It sounds extremely tempting at first, and in fact it’s the reason why I started looking into Montenegro in the first place. The unbelievably low requirements intrigued me, and they really are true, it’s not false information.
Basically, absolutely anyone, no matter their citizenship, can become a Montenegrin resident by buying any habitable property (not just land). There is NO MINIMUM investment, the only requirement is that for each person you need 12 square meters of space.
This means that you can simply buy an apartment anywhere and voila, you’re a resident in Europe. While prices for places along the coast are rising fast, in the countryside, this means you can get away with spending just 10.000€ or so for a small apartment that needs to be renovated. Obviously, a nice place will cost you quite a bit more (and renovating here will be a hassle), but for people with extremely low budgets this is actually possible.
Once everything is in your name and processed legally, you can apply for the residency and renew it every year for 5 years to get your permanent residency.
Now, what they don’t tell you is that
- residency through real estate investment can never lead to citizenship (which is bad news for those looking to get a stronger passport) and
- you are not allowed to leave the country for more than 1 month per year (which is REALLY bad news for those digital nomads and perpetual travelers looking for a base)
When you get your temporary residency through your company on the other hand, you are free to travel as much as you want and you have the chance to get a passport.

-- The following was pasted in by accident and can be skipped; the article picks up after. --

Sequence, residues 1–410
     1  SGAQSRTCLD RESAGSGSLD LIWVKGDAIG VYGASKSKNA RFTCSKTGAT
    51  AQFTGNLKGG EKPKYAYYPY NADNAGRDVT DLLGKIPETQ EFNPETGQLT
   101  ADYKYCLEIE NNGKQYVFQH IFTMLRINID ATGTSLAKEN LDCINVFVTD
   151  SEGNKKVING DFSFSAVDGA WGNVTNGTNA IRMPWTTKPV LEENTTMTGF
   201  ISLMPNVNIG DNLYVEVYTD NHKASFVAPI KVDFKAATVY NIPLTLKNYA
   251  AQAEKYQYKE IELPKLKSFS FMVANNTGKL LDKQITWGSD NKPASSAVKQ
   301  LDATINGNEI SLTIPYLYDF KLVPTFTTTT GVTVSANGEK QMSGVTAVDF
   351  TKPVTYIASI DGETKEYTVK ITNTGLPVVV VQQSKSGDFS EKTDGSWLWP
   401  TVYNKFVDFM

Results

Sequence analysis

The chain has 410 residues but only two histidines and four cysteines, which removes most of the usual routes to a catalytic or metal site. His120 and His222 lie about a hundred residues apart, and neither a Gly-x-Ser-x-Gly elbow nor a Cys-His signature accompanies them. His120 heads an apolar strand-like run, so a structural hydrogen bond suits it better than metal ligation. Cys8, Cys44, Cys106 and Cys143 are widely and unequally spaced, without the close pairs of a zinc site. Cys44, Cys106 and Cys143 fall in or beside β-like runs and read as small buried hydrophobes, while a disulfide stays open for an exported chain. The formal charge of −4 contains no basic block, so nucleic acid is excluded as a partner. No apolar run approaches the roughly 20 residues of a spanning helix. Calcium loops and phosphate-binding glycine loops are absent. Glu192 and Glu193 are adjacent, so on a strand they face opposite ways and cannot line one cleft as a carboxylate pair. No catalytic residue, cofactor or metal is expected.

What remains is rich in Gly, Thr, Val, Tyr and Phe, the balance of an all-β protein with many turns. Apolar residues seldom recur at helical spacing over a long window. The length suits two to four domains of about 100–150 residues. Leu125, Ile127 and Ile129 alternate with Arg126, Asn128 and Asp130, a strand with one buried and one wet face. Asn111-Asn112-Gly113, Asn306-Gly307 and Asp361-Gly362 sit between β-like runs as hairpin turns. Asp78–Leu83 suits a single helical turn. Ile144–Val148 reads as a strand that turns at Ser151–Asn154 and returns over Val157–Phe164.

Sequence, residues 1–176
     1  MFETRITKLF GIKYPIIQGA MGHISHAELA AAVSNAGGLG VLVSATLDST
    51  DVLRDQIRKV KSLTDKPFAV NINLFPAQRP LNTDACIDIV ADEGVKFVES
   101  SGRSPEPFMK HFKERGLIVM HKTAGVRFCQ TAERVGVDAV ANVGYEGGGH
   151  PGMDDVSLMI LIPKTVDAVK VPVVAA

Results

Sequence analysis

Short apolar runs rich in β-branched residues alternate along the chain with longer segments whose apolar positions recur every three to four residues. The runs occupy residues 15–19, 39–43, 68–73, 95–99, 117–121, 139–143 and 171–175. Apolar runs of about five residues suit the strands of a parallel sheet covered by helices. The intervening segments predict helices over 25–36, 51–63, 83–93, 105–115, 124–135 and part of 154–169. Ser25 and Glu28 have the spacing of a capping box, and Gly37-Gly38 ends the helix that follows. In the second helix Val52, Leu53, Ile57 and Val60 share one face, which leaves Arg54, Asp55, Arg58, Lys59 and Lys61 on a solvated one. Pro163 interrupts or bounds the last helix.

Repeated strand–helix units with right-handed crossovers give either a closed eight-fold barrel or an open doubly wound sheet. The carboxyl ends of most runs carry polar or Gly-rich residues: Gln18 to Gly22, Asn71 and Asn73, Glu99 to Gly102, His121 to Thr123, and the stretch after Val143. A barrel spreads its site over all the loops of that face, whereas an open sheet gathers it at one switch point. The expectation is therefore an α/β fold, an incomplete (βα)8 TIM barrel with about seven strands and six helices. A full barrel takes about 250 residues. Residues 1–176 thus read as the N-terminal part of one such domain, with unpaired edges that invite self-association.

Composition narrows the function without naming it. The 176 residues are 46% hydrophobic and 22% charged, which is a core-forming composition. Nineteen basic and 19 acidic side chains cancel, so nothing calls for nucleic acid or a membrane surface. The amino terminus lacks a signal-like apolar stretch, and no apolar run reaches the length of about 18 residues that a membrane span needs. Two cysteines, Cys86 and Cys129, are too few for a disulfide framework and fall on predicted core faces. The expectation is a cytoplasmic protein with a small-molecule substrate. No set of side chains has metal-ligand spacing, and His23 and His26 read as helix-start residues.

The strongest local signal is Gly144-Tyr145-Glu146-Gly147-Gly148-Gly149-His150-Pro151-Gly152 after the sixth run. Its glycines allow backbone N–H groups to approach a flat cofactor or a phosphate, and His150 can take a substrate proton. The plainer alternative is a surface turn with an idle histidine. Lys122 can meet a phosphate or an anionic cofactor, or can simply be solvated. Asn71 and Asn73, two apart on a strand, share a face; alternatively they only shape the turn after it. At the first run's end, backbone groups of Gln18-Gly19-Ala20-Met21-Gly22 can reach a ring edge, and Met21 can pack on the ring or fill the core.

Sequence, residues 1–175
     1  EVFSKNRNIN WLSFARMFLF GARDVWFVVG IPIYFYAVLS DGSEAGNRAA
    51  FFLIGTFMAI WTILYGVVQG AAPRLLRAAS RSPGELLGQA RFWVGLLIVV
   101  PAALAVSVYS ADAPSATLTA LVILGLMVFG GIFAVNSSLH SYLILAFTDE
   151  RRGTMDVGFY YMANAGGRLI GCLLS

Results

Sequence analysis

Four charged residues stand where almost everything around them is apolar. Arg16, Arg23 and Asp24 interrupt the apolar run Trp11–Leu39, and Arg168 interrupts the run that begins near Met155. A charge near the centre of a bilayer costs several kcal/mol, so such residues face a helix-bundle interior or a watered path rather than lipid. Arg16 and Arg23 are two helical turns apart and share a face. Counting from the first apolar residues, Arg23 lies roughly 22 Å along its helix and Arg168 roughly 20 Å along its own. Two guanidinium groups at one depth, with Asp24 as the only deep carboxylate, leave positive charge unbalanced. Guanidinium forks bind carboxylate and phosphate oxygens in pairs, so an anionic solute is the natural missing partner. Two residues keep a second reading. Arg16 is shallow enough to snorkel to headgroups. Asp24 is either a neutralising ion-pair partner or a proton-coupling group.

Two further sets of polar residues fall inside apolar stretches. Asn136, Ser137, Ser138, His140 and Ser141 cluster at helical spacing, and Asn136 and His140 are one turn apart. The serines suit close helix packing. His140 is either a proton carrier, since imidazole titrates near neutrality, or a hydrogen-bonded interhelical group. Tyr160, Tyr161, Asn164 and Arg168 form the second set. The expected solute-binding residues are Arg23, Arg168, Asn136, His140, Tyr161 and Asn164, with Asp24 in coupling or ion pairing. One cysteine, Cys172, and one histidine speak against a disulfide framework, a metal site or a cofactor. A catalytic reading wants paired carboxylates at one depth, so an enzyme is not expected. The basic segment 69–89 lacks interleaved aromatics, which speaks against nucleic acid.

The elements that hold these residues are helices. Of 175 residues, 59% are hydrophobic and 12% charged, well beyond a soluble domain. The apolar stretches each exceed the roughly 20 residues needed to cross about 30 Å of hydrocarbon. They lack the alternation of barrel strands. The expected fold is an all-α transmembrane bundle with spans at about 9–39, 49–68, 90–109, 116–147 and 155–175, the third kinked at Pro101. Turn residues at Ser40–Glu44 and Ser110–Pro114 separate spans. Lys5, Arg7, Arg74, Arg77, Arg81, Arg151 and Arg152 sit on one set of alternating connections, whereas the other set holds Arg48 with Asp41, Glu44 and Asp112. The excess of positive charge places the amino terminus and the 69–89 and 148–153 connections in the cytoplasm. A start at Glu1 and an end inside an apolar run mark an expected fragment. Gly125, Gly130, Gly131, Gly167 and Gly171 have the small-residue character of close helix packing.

Therefore, I think whatever your motivation is for relocating to Montenegro, a cheap real estate investment isn’t the way to go as it limits your freedom of travel and option to obtain citizenship.
While starting a company comes with some monthly costs, they are still quite low and the much better option for Montenegrin residency.
Individual & Business Taxes in Montenegro
Officially, as a resident, you are subject to tax in Montenegro on your worldwide income. While that is the official law, in reality, nobody really cares about the rest of your income as long as you pay the taxes on your Montenegro business.
Obviously, I don’t recommend doing anything illegal – I’m just reporting from what’s happening in practice as opposed to theory.
There is a flat tax of 9% in Montenegro.
This applies to your business, but also to your personal income tax (your salary), though the 9% tax rate on individual income only applies up to the average salary, which is around 750€ a month (subject to changes). Anything higher than that will be taxed at 11%.